Aficionados place terroir above all in fine wine: the particular taste that can only be imparted by a particular combination of factors unique to one place and time. Terroir includes a distinctive, localized, specific combination of factors including soil, climate, and sunlight that give grapes a distinctive character.
Musical performances also have terroir. Musicians, ensembles, choirs, even middle school concert bands, have something that goes beyond objective standards to an intangible, subjective sound. The same can be said for composers.
Hubert Parry (1848 – 1918) is one of a handful of English composers who both created and amplified the English terroir. Parry is best known for the popular (and now ubiquitous football anthem) Jerusalem, which was written near the end of his life, during WWI, to encourage the resolve of the British establishment. The chorales, symphonies, organ works, and cantatas from throughout his career influenced England’s most important composers in the early 20th century.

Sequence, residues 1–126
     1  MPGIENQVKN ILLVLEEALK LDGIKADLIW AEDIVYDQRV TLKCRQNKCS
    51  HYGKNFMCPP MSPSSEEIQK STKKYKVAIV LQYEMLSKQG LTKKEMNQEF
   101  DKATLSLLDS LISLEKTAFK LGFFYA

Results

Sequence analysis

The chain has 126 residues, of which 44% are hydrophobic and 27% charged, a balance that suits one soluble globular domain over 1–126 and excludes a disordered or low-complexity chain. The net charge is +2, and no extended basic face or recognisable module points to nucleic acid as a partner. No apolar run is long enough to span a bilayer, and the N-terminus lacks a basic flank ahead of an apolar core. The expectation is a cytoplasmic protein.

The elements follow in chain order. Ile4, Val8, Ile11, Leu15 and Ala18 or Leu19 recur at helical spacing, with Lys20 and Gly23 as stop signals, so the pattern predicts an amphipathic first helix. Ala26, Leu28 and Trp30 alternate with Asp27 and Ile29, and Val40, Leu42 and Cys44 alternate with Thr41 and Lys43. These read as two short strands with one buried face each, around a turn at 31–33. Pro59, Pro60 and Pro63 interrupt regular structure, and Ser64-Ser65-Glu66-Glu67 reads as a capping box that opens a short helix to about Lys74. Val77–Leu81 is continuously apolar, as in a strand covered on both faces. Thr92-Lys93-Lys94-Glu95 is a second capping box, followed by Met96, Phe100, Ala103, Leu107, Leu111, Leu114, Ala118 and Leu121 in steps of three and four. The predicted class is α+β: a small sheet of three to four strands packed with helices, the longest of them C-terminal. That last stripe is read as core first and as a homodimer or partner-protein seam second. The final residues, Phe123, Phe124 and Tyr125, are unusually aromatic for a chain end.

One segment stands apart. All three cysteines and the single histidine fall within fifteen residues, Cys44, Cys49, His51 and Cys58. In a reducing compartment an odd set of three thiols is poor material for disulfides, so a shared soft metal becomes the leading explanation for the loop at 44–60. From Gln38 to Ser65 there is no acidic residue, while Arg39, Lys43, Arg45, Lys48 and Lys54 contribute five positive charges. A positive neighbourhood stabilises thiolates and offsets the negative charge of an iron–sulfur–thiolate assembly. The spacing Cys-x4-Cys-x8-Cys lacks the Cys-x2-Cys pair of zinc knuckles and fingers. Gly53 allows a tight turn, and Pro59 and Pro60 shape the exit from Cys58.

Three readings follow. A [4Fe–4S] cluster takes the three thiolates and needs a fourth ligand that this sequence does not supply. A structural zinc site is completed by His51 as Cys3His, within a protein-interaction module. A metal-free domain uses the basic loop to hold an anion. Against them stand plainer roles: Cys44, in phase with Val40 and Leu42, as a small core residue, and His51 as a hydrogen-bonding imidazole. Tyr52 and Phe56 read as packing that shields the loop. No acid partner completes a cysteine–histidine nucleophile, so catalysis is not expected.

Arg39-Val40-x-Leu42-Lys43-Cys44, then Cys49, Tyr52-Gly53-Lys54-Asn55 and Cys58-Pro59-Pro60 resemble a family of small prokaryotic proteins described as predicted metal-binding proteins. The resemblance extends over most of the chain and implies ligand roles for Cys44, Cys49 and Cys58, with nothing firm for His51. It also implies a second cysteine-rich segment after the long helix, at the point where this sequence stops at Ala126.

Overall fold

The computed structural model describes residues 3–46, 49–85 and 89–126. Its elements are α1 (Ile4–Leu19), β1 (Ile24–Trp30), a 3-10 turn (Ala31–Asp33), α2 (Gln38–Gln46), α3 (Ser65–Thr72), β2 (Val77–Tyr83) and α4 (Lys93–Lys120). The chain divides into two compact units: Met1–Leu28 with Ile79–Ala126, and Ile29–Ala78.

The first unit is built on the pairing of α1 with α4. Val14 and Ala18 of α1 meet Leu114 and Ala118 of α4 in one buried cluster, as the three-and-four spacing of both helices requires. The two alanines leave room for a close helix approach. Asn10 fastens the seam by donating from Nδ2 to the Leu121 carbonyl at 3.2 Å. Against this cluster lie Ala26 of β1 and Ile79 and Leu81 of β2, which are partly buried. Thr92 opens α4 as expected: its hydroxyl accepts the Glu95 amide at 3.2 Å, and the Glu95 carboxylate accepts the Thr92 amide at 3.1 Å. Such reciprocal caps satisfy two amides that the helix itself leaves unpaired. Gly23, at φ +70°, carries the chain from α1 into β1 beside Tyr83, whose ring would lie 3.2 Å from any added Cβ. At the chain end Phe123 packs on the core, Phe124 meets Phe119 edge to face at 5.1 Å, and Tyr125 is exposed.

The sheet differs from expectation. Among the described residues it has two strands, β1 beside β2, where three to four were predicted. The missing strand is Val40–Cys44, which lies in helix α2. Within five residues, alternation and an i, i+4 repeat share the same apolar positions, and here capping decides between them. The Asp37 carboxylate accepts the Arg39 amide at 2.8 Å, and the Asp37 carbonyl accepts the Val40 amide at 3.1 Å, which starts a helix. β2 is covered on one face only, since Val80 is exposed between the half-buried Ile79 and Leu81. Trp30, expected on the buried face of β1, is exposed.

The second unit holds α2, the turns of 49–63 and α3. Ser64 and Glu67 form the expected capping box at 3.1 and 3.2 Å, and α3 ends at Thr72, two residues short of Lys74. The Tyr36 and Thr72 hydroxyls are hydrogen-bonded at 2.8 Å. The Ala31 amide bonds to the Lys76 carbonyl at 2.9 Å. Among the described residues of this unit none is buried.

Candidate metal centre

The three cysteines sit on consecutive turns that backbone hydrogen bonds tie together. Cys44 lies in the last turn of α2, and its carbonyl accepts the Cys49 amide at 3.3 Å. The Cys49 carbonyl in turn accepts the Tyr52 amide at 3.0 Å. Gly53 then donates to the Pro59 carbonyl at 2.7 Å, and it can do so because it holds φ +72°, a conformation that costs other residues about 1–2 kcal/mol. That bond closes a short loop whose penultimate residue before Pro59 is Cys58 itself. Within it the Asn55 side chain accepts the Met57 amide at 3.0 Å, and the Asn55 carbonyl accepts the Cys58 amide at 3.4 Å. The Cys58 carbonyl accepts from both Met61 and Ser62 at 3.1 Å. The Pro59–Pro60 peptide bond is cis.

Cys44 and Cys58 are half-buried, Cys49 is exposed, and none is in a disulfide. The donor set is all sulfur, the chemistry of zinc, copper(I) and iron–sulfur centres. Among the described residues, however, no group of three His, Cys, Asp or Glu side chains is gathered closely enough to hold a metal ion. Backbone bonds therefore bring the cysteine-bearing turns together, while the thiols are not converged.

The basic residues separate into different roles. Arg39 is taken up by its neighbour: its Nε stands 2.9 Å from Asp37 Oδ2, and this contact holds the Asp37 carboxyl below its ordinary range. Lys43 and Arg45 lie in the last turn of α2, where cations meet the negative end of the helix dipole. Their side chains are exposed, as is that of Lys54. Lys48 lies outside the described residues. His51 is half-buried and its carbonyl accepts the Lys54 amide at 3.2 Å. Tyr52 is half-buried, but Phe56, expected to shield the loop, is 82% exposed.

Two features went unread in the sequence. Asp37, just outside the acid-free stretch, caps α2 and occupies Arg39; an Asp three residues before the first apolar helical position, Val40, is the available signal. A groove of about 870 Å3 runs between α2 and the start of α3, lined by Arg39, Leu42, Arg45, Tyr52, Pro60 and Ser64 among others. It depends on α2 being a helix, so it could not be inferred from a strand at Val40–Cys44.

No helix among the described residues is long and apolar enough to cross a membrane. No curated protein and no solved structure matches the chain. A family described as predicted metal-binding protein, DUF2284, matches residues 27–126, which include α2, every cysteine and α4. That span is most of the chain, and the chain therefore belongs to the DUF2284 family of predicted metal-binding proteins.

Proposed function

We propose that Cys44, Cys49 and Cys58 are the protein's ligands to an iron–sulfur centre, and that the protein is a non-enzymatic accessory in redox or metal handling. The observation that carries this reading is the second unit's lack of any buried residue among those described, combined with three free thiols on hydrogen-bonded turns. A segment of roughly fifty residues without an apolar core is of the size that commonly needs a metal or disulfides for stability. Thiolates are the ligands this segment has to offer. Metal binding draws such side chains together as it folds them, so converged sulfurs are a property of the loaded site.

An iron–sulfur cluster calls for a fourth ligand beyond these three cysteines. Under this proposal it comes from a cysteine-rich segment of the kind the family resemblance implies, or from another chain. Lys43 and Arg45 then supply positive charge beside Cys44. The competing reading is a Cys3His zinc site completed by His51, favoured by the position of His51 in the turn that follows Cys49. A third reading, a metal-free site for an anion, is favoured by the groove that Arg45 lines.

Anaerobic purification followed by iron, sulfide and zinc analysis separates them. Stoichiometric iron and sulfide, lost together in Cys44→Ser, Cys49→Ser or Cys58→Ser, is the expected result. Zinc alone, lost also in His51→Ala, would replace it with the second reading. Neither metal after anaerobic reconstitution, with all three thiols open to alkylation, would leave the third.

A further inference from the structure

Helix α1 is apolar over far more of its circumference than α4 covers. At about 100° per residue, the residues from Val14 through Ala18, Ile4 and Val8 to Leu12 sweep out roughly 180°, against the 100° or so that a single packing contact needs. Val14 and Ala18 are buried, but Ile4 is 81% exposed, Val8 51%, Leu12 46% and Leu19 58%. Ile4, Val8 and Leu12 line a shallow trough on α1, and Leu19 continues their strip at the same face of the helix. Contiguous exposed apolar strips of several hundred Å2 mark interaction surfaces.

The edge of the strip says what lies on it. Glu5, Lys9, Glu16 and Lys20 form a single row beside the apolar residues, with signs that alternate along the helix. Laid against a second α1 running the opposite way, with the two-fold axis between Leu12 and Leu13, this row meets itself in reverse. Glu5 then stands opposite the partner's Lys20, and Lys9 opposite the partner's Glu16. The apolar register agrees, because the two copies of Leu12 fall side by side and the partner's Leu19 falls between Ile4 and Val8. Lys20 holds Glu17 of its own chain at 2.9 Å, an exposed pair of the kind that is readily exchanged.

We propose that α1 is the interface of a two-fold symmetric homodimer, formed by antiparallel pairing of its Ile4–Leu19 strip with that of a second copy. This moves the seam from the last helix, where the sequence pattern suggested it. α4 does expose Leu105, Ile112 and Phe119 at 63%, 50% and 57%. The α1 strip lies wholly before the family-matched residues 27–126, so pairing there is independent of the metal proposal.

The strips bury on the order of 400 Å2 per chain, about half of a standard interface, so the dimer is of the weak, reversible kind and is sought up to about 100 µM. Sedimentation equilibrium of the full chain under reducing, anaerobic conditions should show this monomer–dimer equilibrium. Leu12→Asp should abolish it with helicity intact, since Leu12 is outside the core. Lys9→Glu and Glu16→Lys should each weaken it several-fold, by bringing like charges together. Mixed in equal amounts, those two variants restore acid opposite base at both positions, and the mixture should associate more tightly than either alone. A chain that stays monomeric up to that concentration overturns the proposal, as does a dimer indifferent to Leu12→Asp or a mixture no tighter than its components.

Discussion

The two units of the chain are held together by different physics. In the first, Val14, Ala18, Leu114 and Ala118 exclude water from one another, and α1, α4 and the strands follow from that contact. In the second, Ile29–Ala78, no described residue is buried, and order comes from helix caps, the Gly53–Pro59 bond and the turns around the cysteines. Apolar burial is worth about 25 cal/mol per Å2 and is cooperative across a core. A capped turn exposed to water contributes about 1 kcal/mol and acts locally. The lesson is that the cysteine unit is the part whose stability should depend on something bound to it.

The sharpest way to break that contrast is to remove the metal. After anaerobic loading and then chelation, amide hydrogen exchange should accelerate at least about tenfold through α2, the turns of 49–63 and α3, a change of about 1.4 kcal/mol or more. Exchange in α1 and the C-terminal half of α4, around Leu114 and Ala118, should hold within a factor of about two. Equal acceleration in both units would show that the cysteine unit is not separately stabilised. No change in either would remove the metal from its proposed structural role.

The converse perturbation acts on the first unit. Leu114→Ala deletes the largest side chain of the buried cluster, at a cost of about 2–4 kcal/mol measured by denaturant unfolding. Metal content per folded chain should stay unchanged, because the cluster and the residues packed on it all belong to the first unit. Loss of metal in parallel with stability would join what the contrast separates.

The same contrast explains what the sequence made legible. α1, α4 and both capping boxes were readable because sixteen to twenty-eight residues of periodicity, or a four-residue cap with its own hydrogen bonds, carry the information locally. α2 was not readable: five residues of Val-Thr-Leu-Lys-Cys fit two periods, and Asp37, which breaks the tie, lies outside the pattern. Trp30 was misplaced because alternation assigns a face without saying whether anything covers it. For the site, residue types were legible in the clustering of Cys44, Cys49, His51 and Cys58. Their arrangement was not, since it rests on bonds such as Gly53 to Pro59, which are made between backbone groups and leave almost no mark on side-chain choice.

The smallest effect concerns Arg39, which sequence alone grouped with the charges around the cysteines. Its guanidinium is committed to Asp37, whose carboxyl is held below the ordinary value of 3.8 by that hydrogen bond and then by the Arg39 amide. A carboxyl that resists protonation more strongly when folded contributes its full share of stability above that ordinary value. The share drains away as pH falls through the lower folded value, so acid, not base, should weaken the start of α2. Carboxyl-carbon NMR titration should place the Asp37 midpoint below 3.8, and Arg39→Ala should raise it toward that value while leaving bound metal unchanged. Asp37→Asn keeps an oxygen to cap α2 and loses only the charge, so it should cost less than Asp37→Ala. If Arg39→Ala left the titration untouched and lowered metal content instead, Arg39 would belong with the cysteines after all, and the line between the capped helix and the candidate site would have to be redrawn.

Parry established the English terroir. He tilled the soil in which Elgar, Holst, and Vaughan Williams soaked up the nutrients that made their music so distinctive.
Sound Theology #168 Playlist: Hubert Parry
I Was Glad (with Vivats) – Parry